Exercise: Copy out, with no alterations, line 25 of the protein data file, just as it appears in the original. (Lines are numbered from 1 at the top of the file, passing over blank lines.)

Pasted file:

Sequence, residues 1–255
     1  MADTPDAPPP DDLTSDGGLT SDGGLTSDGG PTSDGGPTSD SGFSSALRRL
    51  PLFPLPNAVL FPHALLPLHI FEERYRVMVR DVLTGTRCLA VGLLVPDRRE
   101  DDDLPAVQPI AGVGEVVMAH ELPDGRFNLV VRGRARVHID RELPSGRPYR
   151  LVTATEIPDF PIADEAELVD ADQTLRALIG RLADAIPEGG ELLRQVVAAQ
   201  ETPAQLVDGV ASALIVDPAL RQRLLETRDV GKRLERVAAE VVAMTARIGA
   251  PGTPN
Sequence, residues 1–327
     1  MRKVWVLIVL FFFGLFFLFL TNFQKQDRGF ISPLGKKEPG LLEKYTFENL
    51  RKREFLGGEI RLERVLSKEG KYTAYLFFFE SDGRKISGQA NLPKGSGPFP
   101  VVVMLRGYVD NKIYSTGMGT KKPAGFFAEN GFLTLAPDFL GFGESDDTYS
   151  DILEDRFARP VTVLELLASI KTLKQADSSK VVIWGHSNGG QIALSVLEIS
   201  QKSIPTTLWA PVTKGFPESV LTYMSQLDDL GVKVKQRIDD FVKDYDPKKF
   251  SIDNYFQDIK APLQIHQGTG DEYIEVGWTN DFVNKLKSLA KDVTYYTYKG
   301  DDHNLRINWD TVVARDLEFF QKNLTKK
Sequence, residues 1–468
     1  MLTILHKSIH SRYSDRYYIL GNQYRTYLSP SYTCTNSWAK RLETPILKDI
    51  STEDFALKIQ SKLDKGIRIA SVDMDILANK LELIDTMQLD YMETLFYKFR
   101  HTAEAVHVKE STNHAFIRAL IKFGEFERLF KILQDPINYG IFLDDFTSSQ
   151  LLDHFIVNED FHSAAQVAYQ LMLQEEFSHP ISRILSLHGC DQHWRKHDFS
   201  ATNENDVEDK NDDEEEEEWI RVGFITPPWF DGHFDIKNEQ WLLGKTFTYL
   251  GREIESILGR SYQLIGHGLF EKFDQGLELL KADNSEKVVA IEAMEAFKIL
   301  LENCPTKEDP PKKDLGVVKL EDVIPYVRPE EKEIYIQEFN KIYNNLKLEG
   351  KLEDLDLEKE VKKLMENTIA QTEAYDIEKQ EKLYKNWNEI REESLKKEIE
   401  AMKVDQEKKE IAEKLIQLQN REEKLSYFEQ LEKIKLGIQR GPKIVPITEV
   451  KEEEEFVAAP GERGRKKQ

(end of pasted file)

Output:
   401  AMKVDQEKKE IAEKLIQLQN REEKLSYFEQ LEKIKLGIQR GPKIVPITEV